In order to remember and mark our tsog days, holy days on the Kadampa calendar, I am sharing my understanding of the practice of Offering to the Spiritual Guide with tsog. This is part 39 of a 44-part series.
I seek your blessings to complete the perfection of mental stabilization
By abandoning the faults of mental sinking, mental excitement, and mental wandering,
And concentrating in single-pointed absorption
On the state that is the lack of true existence of all phenomena.
Happiness is a state of mind, therefore its cause comes from within the mind. In the preface of virtually every book Geshe-la has written and in the first class of every general program course taught in Dharma centers around the world, we are taught that the cause of happiness is inner peace. If our mind is peaceful, then we are happy regardless of what is happening externally. And if our mind is unpeaceful, we are unhappy regardless of what is happening externally. This shows that inner peace is the true cause of happiness. What then is the cause of inner peace? Mixing our mind with virtue. The more we mix our mind with virtue, the more our mind becomes peaceful both now, while we are mixing our mind with virtue, and in the future, when the karmic effects of our mental action of mixing our mind with virtue ripen. Concentration is being able to mix our mind with virtue single-pointedly, free from all distractions. The perfection of concentration is concentrating on virtue with the bodhicitta motivation.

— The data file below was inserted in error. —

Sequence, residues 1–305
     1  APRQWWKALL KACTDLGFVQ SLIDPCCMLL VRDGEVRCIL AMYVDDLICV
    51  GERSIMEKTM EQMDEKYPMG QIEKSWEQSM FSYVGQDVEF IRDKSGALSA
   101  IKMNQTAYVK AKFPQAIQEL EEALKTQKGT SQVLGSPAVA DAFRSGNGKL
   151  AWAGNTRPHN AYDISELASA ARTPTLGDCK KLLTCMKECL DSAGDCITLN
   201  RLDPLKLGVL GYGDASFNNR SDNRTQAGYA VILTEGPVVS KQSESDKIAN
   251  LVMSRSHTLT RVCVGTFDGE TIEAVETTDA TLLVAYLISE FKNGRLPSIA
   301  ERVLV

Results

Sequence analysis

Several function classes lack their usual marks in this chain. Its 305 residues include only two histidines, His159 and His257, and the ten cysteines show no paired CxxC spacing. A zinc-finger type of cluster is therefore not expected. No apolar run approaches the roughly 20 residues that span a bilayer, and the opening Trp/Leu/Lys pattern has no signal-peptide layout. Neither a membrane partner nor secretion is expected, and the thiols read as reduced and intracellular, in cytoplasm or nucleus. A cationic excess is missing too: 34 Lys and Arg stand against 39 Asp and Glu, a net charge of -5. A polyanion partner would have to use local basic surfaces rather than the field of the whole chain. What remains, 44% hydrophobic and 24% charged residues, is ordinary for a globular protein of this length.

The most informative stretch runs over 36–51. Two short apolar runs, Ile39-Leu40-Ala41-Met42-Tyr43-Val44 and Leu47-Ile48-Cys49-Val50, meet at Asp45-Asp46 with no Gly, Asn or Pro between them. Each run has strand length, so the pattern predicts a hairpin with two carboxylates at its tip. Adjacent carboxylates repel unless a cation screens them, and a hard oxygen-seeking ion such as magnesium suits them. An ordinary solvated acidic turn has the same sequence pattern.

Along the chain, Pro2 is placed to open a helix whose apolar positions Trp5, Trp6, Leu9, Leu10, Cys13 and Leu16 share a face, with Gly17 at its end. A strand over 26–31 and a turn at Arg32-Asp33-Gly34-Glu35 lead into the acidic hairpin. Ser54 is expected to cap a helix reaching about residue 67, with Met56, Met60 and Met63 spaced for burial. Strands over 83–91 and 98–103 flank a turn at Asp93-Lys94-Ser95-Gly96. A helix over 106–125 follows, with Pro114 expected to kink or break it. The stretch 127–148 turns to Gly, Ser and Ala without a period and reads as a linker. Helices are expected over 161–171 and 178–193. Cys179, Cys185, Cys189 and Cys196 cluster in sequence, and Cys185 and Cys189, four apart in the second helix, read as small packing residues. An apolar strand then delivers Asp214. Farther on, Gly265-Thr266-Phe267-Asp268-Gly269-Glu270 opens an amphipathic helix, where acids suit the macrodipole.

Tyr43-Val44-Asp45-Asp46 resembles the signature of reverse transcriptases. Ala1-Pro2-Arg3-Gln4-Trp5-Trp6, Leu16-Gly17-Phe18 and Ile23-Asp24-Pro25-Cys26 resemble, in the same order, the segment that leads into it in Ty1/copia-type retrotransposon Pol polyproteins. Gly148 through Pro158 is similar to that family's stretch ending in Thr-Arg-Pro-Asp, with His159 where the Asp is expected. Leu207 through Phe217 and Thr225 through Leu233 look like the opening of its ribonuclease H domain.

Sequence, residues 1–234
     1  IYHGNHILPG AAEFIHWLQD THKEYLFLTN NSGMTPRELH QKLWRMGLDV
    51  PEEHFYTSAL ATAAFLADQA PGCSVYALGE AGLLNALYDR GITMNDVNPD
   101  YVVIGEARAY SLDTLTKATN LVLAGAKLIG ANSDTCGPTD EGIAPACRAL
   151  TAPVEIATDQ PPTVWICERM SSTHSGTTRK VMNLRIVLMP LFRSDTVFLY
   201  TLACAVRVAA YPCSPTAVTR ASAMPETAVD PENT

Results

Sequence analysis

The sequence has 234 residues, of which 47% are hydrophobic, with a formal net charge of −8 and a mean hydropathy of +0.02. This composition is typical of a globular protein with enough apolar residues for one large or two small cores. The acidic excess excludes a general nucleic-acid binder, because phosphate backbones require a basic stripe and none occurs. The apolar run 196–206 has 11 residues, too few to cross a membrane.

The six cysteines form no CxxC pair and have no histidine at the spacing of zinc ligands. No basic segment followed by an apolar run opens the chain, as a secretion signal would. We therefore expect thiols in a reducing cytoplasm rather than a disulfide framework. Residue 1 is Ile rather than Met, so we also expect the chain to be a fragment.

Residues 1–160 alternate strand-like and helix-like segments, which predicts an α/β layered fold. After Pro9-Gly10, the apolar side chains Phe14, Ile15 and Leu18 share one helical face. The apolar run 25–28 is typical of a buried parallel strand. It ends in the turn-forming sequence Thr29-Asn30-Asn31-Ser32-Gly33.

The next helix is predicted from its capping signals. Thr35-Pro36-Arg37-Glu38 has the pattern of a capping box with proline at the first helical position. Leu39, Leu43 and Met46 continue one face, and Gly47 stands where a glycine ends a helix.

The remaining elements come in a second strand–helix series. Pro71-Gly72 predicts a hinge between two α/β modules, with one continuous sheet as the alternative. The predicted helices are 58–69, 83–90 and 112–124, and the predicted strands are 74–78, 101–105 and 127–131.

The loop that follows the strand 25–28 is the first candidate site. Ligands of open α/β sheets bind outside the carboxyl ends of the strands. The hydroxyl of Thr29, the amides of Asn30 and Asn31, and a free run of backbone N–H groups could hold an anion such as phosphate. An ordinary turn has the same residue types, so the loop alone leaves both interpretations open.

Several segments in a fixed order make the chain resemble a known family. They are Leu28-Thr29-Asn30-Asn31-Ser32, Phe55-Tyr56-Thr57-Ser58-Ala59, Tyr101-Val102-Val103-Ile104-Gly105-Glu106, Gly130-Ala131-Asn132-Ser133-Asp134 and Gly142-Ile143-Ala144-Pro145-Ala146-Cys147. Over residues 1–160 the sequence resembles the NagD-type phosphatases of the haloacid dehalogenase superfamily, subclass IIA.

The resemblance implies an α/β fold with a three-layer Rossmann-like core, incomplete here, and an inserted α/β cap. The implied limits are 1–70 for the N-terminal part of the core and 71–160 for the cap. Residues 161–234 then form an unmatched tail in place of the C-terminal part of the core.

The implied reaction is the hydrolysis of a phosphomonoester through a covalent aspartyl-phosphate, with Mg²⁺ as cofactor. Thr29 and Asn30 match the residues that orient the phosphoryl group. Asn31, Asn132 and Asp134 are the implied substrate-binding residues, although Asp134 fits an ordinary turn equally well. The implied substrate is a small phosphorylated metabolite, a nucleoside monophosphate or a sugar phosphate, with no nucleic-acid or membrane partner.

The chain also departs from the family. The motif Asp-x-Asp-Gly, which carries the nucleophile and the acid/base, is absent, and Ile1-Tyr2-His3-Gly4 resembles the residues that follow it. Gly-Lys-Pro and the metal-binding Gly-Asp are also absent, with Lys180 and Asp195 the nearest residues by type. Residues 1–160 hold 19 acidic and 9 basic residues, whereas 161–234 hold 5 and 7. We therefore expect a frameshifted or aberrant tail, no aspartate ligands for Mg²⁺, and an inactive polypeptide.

There are three main faults to be abandoned when training in concentration: mental excitement, mental sinking, and mental wandering. Our mind naturally goes towards whatever it thinks is a cause of happiness. Because we currently think external objects of attachment are the cause of happiness, our mind naturally moves towards them. When our mind moves towards an object of attachment, this is mental excitement. Mental sinking is when our mind gradually loses clarity and focus of whatever it is we are trying to concentrate on. It becomes dull, heavy, and we can even fall asleep. Mental wandering is when our mind moves to some other object of Dharma that is not our chosen object of meditation. While technically not a delusion, it is a distraction. We overcome mental excitement by considering the relative benefits of thinking about our object of attachment compared with thinking about our object of Dharma, and then choosing to return our mind to the object of Dharma. We overcome mental sinking by uplifting our mind, improving our posture, and restoring our object of meditation by renewing the contemplation. We overcome mental wandering by reminding ourselves that our chosen object of meditation is not what our mind has wandered towards, and that allowing mental wandering can become a bad habit preventing us from ever making progress along the path.